A 2-million-year-old skull that belonged to a distant human cousin named Paranthropus robustus was unearthed during an archaeological dig at the Drimolen cave system located close to Johannesburg, South Africa.
According to researchers from La Trobe University in Australia, the nearly-complete skull (which they labelled DNH 155) of the large-toothed, small-brained male hominin is the best preserved and earliest remains ever found of our distant cousin. Even though the skull is now put together, when it was first discovered, there were hundreds of small individual bones. (Pictures of the skull can be seen here.)
Palaeoanthropologist Angeline Leece noted that Paranthropus robustus lived around the same time as Homo erectus. “But these two vastly different species — Homo erectus with their relatively large brains and small teeth, and Paranthropus robustus with their relatively large teeth and small brains — represent divergent evolutionary experiments,” she explained, adding, “While we were the lineage that won out in the end, two million years ago the fossil record suggests that Paranthropus robustus was much more common than Homo erectus on the landscape.”
It was previously thought that Paranthropus robustus lived in groups where large dominant males co-habited with smaller females; however, the male skull was actually pretty close in size compared to the female remains that were discovered at the same site.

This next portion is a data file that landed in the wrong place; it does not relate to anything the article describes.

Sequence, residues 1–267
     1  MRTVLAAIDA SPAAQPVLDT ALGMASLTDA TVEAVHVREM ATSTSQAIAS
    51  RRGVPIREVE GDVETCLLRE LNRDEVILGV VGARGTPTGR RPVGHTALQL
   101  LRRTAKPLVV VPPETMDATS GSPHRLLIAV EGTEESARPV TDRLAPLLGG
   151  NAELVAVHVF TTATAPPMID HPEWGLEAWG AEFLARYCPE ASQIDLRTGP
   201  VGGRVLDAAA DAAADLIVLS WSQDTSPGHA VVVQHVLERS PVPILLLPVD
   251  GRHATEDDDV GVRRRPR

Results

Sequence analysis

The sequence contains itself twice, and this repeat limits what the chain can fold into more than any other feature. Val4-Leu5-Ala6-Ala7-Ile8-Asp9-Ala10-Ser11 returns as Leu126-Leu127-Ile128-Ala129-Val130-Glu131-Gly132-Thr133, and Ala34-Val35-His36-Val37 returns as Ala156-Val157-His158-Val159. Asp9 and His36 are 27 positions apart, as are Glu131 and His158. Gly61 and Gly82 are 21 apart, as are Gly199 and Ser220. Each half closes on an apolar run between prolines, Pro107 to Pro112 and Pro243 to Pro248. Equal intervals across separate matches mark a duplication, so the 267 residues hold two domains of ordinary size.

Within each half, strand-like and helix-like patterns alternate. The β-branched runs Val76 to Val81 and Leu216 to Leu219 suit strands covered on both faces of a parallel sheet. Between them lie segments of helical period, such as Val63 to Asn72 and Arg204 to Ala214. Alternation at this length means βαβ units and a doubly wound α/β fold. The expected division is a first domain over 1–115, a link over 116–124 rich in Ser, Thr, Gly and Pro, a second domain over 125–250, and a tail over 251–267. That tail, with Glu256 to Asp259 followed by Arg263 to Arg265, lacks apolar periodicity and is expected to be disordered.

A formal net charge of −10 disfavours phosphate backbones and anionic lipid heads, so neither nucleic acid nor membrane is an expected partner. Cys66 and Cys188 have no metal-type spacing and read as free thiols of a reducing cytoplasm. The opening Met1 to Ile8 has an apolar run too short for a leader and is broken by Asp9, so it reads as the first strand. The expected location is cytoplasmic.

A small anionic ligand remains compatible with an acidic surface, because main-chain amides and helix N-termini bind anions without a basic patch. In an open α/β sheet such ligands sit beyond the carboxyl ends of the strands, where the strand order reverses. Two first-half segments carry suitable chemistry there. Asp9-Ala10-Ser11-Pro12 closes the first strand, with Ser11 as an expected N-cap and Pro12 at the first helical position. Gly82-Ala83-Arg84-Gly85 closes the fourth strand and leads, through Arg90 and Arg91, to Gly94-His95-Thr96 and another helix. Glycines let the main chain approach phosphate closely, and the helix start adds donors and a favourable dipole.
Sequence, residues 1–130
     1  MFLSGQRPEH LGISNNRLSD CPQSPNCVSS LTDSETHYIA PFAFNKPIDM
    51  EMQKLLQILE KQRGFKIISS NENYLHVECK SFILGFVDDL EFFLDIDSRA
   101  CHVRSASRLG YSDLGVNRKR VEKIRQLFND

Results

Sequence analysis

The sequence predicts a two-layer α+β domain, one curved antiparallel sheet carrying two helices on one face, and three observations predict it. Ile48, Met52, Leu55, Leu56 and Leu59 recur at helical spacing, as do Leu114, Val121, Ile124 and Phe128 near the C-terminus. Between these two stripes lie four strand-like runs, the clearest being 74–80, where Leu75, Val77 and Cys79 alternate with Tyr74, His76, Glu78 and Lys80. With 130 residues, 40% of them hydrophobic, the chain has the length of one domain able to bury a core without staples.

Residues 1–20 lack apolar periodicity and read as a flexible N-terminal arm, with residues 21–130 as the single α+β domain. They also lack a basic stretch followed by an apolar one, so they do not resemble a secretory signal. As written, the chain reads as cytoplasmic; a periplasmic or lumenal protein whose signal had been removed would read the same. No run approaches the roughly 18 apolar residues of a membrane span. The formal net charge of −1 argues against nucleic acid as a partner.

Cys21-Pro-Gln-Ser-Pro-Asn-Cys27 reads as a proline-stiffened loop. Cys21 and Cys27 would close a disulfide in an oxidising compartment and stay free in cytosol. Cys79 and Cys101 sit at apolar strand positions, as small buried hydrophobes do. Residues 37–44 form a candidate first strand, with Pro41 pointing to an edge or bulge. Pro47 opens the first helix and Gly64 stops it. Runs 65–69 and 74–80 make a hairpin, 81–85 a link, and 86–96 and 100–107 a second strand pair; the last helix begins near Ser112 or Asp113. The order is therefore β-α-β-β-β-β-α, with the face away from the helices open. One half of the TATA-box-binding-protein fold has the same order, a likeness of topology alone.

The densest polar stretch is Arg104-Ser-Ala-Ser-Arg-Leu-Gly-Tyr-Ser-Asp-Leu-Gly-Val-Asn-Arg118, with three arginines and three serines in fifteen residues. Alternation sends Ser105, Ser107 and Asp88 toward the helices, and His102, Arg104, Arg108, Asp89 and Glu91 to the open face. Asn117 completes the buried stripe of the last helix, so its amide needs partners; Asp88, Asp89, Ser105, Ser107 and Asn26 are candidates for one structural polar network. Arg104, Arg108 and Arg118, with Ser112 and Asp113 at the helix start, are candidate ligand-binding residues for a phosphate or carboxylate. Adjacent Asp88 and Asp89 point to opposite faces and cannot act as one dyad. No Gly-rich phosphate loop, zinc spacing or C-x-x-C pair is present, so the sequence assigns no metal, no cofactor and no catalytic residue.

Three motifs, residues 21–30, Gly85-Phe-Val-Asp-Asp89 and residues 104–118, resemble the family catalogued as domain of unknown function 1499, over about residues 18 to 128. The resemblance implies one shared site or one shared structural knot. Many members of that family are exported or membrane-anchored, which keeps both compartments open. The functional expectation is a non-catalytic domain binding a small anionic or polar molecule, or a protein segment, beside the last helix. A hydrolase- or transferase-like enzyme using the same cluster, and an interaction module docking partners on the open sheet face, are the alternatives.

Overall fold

This discovery seemingly sheds new light on human microevolution (the evolutionary change within a species in a short amount of time). In fact, it could be the best evidence so far of a human ancestor evolving in order to adapt to climate change. South Africa was believed to have transformed from a wet and lush environment to much drier conditions around two million years ago due to climate change. Because of the change, Paranthropus robustus would have had to evolve in order to survive the new climate – such as being able to chew on tougher plants.
Interestingly, the male skull was quite a bit smaller than other male skulls that were discovered in a nearby cave called Swartkrans; however, those skulls belonged to Paranthropus robustus who were around 200,000 years younger than the one found at the Drimolen cave system. And since the older male’s chewing muscles were not as strong as those found at Swartkrans, that would indicate that they evolved during that time period.
Archaeologist Andy Herries explained this further by stating that the species evolved enough to survive in South Africa for around a million years. “Like all other creatures on Earth, to remain successful our ancestors adapted and evolved in accordance with the landscape and environment around them.”
He went on to say, “We believe these changes took place during a time when South Africa was drying out, leading to the extinction of a number of contemporaneous mammal species,” adding, “It is likely that climate change produced environmental stressors that drove evolution within Paranthropus robustus.”
The research was published in Nature Ecology and Evolution where it can be read in full.